Stories for people affected by MS, by people affected by MS.
MS is different for everyone - we hope this blog reflects this.
While MS brings with it various frankly unwelcome consequences, an unexpected side effect I’ve experienced is of losing my inhibitions. Well ... some of them!
Since the festive decorations are going up in town and Christmas adverts have started on the TV, I decided it was time I tackle my New Year's resolutions.
I only made three this year:
Ever since my wife Caryn and I settled into our new home in a small town in the wilds of West Kerry, we’ve been enveloped in a different way of life. I admit that the Ireland we shifted to in our heads is the country thirty of forty years back.
Last month I set myself a challenge to write a list of ten good things about having MS. I realise now that was ridiculous.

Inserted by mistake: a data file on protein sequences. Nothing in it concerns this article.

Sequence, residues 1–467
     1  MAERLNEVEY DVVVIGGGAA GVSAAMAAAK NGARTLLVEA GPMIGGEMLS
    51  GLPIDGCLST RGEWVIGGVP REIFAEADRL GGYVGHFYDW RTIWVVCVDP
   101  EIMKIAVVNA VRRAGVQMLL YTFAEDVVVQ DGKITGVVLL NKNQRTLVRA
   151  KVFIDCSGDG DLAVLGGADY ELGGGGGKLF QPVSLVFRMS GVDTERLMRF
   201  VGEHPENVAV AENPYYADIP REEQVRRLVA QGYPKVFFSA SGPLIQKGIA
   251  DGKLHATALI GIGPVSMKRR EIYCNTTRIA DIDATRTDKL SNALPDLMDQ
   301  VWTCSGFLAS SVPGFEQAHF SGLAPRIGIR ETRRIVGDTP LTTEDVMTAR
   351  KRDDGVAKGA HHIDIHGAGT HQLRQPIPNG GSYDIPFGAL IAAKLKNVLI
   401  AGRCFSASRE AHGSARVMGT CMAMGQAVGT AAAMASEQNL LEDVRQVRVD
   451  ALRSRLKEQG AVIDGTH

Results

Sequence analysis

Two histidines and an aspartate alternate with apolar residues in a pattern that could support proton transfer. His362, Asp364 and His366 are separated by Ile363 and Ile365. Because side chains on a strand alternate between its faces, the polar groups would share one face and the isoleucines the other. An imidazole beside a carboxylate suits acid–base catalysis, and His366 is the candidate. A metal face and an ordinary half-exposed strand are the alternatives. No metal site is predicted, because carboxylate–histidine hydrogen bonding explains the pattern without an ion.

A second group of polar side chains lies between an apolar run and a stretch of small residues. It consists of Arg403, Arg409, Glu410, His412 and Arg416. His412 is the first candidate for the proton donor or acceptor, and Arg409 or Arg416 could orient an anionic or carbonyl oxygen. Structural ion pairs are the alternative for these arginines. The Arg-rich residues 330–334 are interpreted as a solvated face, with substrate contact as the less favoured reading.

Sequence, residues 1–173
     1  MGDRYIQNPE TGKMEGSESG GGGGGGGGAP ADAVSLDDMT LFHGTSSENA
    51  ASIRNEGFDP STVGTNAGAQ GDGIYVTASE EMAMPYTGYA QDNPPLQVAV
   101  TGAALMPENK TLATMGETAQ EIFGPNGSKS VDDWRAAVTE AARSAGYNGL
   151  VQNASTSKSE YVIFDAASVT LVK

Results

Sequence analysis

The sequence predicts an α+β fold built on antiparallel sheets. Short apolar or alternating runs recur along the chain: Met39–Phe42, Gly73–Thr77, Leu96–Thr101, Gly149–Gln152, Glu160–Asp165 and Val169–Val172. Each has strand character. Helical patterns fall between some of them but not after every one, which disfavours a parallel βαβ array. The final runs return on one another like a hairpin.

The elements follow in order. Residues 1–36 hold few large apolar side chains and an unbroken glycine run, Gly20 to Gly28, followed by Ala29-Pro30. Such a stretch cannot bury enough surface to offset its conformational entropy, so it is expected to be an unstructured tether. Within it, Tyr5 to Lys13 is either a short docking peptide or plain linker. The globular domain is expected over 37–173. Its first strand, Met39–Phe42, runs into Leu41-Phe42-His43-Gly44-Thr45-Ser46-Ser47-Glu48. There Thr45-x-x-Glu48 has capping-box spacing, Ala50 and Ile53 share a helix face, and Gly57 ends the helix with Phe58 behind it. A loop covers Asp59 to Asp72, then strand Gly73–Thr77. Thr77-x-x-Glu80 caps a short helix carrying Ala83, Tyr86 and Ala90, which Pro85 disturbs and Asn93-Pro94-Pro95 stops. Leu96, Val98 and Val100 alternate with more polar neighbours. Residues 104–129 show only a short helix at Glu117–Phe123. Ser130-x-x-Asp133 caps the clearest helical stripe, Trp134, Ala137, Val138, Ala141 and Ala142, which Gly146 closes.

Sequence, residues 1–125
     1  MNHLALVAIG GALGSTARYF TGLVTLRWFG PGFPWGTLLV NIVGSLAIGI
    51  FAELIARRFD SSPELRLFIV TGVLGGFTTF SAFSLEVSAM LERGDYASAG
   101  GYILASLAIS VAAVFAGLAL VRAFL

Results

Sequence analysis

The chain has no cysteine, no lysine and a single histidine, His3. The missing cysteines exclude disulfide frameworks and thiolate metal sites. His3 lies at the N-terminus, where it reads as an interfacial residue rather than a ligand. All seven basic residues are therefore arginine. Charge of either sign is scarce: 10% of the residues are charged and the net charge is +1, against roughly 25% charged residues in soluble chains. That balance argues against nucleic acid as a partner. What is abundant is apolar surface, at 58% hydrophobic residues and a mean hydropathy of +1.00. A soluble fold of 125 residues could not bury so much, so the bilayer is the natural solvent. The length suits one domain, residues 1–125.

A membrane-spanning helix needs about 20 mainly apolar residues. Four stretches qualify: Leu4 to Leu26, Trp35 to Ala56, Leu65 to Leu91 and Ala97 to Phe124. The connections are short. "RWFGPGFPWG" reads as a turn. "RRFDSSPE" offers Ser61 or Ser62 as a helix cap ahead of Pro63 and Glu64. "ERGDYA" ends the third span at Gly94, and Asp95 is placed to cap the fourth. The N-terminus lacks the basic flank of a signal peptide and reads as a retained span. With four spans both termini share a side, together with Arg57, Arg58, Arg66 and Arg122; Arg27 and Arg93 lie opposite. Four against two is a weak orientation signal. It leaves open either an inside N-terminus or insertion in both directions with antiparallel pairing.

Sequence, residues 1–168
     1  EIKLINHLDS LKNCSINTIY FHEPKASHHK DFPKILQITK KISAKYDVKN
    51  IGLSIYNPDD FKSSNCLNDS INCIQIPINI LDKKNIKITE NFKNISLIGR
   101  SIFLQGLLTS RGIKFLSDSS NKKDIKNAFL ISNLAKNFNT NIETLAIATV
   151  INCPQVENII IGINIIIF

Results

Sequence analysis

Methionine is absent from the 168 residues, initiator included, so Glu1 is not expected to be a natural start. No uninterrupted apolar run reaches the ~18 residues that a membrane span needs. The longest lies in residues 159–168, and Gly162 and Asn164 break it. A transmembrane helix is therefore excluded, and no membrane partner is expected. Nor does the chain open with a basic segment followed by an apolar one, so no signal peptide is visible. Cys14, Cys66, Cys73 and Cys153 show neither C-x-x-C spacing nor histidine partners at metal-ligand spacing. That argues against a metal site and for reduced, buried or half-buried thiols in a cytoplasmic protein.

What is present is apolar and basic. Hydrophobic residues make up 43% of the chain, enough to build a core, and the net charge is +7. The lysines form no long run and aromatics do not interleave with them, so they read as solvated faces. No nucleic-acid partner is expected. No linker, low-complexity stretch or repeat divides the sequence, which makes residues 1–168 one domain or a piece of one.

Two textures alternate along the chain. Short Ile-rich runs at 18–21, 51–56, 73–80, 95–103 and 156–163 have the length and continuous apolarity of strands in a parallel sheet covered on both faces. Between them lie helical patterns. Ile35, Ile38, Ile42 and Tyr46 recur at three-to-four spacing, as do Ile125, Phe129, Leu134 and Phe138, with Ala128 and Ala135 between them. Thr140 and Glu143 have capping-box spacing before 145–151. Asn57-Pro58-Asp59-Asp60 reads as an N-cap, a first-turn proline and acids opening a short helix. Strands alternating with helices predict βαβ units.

Adam is a 51-year-old civil servant, diagnosed with MS 20 years ago. He now has secondary progressive MS, and uses a wheelchair.
It’s the small things that cause me the most frustration. Like going down the stairs on my bum, only to realise on the bottom step that I’ve left my glasses on the bedside table.
Practice, so goes the saying, makes perfect. Well, for better than a dozen years I’ve been “practising” this living with MS thing… and I don’t think I’m very good at it yet.
My hospital has a wicked sense of humour. The MS clinic (Suite 16, honestly) is in the second furthest away room at the end of a very long corridor of clinics. I used to fume about this as I schlepped my way past 15 other clinics, muttering under my breath, ‘you wouldn’t want to have any mobility problems, eh?’
I’ve never really minded being called a dizzy blonde, although I should; labels tend to stick, and reputation is important, working as a freelancer. I have so many other labels that I do enjoy: poet, facilitator, creative writing tutor, artist, funny lady.